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Out-going Super Eagles captain, Austin JJ Okocha, is in Germany, not to play football, but to work as a journalist.
Out-going Super Eagles captain, Austin JJ Okocha, is in Germany, not to play football, but to work as a journalist. Adekunle Salami caught up with the midfield maestro to speak on the Eagles’ absence at the worlds and other issues
Super Eagles captain, Austin Okocha, loves family life. To demonstrate this, he puts his family first in taking decisions about his career, which has seen him making the headlines from Enugu to Frankfurt, Paris to Bolton, not minding the brief spell he had in Turkey with Fenerbahce.
Now in the twilight of his career, especially after Bolton released him at the conclusion of last season, Okocha, who made his World Cup debut with the Eagles in the USA ’94 tournament, needed to make another crucial decision that would benefit his career – and family.
In an encounter here in Germany during the week, the cool-looking midfield maestro noted that he had offers from clubs in Asia and beyond to continue his career, but his love for his wife and children has been the factor holding him back.
“My children are so used to London now and their education is very important to me,” says Okocha, who is in Germany working as a commentator for the Independent Television (of London). “This has been my problem in the past few weeks in taking a decision on where next to go.
“For now I am not sure yet as I am still discussing with a few more agents and contacts. The truth is I don’t know how it’s going to be for now. I want to stay with my wife and children.
“They have missed me so much in the past years and I feel so guilty. I want to be with them more and I am putting them first. I don’t want to move them out of London and so my priority for now is to stay in England. I really pray and hope it works out that way for me.”
On his career in England, the former PSG of France player says reflectively, “It was fantastic.”
“I came to England when people felt it was almost over for me in football but look at what I achieved at Bolton. I am so proud of my stay in England and the records are there to show for it,” he says.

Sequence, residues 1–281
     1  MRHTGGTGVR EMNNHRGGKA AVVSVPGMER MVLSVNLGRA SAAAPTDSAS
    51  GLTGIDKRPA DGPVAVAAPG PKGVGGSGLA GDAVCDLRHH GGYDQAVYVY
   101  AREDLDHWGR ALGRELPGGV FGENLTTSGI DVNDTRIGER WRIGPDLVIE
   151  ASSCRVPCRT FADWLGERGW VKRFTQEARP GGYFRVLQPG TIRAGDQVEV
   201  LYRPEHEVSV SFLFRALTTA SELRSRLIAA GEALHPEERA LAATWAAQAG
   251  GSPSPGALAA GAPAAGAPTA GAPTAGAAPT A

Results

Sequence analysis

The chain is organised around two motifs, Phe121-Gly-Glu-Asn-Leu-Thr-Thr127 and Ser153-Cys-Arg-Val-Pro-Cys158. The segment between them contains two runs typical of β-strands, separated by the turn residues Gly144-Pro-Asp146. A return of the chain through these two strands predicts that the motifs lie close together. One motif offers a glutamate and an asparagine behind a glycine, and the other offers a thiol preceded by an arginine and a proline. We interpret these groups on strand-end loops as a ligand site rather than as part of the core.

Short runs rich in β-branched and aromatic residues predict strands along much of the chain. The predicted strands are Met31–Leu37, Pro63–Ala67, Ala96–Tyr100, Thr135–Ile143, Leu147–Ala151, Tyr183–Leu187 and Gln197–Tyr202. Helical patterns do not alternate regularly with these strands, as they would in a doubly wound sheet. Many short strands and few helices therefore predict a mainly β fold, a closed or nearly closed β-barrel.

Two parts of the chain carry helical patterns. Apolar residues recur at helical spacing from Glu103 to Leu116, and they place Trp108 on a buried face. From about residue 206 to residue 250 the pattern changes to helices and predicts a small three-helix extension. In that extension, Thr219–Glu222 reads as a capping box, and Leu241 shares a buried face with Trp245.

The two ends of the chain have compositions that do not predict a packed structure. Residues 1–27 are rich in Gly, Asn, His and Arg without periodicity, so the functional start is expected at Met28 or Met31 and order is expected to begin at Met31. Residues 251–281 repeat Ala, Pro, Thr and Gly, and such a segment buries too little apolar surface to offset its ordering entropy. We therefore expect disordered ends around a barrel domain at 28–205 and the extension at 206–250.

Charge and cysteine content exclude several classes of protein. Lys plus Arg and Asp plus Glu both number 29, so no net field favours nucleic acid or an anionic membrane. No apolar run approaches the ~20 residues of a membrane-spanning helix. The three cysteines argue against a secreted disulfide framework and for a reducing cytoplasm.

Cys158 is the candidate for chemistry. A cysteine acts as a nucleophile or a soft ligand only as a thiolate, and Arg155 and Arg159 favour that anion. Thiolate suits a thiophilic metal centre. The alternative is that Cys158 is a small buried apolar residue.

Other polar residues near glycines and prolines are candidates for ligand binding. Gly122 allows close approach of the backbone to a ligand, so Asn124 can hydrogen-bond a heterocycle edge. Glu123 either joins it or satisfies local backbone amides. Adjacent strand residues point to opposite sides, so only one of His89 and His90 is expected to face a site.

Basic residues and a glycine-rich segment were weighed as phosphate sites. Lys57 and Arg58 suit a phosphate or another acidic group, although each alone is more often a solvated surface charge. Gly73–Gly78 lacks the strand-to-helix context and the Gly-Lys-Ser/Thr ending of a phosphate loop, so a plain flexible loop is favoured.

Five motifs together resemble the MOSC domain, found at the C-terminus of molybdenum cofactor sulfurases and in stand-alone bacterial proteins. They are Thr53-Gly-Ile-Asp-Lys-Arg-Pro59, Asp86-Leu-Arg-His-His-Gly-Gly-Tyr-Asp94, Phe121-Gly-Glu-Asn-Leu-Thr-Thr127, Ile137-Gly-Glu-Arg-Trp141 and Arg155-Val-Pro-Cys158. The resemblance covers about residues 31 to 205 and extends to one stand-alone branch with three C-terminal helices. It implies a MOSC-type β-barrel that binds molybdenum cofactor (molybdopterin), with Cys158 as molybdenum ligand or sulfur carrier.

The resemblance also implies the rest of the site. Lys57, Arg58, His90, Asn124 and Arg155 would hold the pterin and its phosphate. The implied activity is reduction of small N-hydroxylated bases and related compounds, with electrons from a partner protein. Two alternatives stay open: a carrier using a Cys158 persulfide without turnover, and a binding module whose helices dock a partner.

“I have no problem with Bolton and I still communicate with my colleagues there even till now. Football is like that; you meet one day and will part one day.”
“This job is not easy,” he says, switching to his newest love, being a journalist with ITV as a commentator. “It is another experience entirely for me. It involves so much discipline and one has to read and read. This also enables me to appreciate journalism more. It is a noble profession,” he says.
On the absence of the Super Eagles at the World Cup, Okocha, who played just four of the 10 World Cup qualifiers, says the administrators of football in the country should take the blame.
“You have to plan for everything and the fact behind it all is that we refused to plan well and that is not the fault of any player in the team,” Okocha says. “We have to be realistic. How can people be saying I am not committed just this time after serving the team for 12 years? It is unfair.
“I played some of the games and I made it clear that I wouldn’t play all before the start of the qualifiers. I don’t want to go into all of that but my prayer is that we learn from our past mistakes.
“It is sad enough that we are not in Germany, but we have to learn from why we are not here and again that is not the job of any player but that of the administrators.
“We have lots of talented players and the best way is to have proper planning to get the best from them now and in the future.
“I feel so much pain that we are not here because I have been made to answer questions on why and how it happened. Life has to go on and there is nothing we can do for now.”
The former Bolton skipper looked back at his career in the national team and singled out his exploits at USA ’94 as his best time in the team
“You won’t believe it but the fact is I enjoyed that competition more because I was so young then and I had a great time each time I featured in the games,” Okocha recollects.
“When I look back now, I always think of what I should have done differently, but I still cherish the time I had in that edition of the World Cup, which was also the first for the country.
“Nobody gave us a chance as newcomers but we almost qualified for the quarterfinals, but for ill-luck.”
Okocha urges the Super Eagles to always put in their best for the national team to further boost the image of the country on the global scene.
“Football has done so much for Nigeria and the players have to do more to further enhance the good image the country is enjoying through soccer. This is one area where we have the respect all over the world,” he adds.
To Okocha, there are already players in the national set up who can replace him. He mentions Everton defender Joseph Yobo as a worthy successor.
“Yobo played the role so well in the last Nations Cup in Egypt and he should continue,” he says. “Yobo is level-headed and a great player.”
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